Concerto in Azzuro

David Matthews (1943)

Concerto in Azzuro 2002

2222 - 4231 - timp - perc(2)- harp - cel - strings

I began my cello concerto in January 2000 and finished it, after several interruptions, in the spring of 2002. Like many pieces I have written, it is in a single large-scale movement, lasting just under 25 minutes. Its formal scheme is one I have also used before: it derives from the first movement of Bruckner's Ninth Symphony and can be described in essence as statement and expanded counter-statement. New to this Concerto, however, is an incorporation into the counter-statement of two other movement types from Classical sonata form: scherzo and slow movement. So that, in one sense, the Concerto can also be heard as a compressed three-movements-in-one piece: allegro, scherzo and lento finale. The allegro statement has the archetypal juxtaposition of energetic first subject group - a toccata-like dialogue between cello and orchestra, which after the first climax is developed and extended in a passage for orchestra alone - and, after a short bridging cadenza, a lyrical second theme. The counter-statement begins with a close recapitulation of the opening toccata, but it soon branches off into an extensive scherzo section which further develops the music of the first subject group. The scherzo reaches a loud and boisterous conclusion, and is followed by another cadenza which becomes for a time a duet with the 1st violin. The elaborate slow finale begins, at first with a motive from the first subject group, but then with a passionate development of the second theme. This erupts into the full orchestra for the climactic passage of the Concerto, which incorporates a further, brief recapitulation of the opening toccata. The cello's entry after the climax calms the music, leading to a quiet meditation on the second theme, and eventually bringing the piece to a serene, almost motionless conclusion.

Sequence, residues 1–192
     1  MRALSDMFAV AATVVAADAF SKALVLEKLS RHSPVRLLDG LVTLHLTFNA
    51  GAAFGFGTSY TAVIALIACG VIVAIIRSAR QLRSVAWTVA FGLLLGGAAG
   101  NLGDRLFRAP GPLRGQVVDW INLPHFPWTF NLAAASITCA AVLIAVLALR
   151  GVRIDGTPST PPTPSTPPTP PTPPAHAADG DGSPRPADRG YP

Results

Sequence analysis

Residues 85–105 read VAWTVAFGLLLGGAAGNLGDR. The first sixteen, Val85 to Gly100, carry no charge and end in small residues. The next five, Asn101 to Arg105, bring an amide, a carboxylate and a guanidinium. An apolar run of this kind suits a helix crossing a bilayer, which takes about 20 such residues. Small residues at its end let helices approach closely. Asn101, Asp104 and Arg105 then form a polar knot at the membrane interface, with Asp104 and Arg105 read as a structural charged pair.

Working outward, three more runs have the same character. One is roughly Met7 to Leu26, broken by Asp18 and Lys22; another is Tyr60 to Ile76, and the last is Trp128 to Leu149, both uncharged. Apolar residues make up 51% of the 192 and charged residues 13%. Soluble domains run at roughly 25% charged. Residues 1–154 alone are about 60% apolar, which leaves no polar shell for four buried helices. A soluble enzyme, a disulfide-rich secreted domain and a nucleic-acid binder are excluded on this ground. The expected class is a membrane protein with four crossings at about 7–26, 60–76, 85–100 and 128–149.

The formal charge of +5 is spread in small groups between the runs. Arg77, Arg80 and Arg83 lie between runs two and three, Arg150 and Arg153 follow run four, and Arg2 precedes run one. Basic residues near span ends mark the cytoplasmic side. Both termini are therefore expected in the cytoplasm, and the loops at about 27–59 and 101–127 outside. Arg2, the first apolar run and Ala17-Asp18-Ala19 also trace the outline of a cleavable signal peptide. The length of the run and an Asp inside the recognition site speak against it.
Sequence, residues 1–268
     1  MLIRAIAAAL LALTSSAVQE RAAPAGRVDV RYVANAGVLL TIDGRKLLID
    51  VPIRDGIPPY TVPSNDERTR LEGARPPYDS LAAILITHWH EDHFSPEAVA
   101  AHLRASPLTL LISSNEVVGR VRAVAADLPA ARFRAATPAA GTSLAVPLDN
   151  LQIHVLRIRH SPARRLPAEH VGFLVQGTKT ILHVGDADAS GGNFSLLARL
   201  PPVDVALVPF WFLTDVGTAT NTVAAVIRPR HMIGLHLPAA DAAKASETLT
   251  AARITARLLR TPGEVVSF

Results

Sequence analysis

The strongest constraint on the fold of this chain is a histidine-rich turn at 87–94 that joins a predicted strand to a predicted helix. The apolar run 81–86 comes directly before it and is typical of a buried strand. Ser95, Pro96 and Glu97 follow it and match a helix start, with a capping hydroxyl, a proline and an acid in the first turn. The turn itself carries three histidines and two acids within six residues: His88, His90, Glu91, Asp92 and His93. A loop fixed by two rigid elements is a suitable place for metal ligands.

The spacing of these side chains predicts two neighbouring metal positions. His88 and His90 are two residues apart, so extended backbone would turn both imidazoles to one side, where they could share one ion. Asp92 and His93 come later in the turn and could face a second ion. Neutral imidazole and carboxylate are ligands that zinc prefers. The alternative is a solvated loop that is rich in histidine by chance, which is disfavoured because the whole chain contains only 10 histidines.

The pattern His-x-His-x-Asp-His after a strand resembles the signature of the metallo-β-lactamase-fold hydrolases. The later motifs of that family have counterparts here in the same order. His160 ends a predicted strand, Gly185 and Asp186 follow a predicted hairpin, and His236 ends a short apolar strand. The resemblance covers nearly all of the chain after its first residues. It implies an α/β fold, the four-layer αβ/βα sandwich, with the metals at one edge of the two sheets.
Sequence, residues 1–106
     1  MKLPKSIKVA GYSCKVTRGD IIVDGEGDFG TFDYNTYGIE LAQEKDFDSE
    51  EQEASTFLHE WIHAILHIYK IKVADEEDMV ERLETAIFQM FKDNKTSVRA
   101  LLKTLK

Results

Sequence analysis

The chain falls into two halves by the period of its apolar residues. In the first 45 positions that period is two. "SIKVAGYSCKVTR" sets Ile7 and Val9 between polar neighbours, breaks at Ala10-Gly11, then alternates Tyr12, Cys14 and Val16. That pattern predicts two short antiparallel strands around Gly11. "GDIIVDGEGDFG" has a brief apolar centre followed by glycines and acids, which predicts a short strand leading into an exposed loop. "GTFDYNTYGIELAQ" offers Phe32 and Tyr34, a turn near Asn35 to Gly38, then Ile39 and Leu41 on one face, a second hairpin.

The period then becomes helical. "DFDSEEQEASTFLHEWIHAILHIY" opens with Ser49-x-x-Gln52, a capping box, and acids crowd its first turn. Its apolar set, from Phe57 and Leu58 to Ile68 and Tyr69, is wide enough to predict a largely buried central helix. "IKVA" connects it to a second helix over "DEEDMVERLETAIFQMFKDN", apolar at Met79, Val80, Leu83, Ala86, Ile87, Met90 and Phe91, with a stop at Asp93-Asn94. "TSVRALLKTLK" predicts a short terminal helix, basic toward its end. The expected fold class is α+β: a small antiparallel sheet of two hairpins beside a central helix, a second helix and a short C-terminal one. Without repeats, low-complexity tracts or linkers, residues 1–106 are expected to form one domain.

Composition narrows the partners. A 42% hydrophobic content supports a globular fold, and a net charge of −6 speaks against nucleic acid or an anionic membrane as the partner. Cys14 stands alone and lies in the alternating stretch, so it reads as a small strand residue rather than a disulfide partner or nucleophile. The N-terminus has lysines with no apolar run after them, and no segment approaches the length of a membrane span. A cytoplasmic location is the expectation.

The Concerto does not have an extra-musical programme, except that in May 2001, when I had written the first section but was still uncertain about how the piece would progress, I visited the island of Lundy in the Bristol Channel in cloudless spring weather. The island, raised above the sea, seemed suffused with blue; and I conceived of the rest of the Concerto as a kind of journey towards that ultimate blueness. Since I associate the key of B flat with the colour blue, that became the inevitable tonal goal of the piece, one already foreshadowed by the fact that B flat is the first (long-held) note that the cello plays, but at the start it is in tritonal conflict with the orchestra's E minor. The gradual resolution of this initial conflict is the basic tonal argument of the Concerto. In the coda, everything gradually ebbs away into B flat: the strings' diatonic clusters melt into a long sustained unison, into which the solo cello merges in a final surrendering of individuality.

David Matthews

5.10.02 Cheltenham Town Hall: Steven Isserlis/BBC National Orchestra of Wales/Richard Hickox
6.10.02 Brangwyn Hall, Swansea: Steven Isserlis/BBC National Orchestra of Wales/Richard Hickox
26.6.05 Symphony Hall, Birmingham: Steven Isserlis/City of Birmingham Symphony Orchestra/Sakari Oramo
28.6.05 Sage Gateshead: Steven Isserlis/City of Birmingham Symphony Orchestra/Sakari Oramo
3.12.07 RNCM, Manchester: tbc/BBC Philharmonic Orchestra/Rumon Gamba
27.1.10 BBC Hoddinott Hall, Cardiff: Guy Johnston/BBC National Orchestra of Wales/Jac van Steen
2nd doubling piccolo
2nd doubling cor anglais
2nd doubling bass clarinet
vibraphone, glockenspiel, 2 suspended cymbals, chinese cymbals, gong, tam-tam, triangle, rainstick, chinese bell tree, bass drum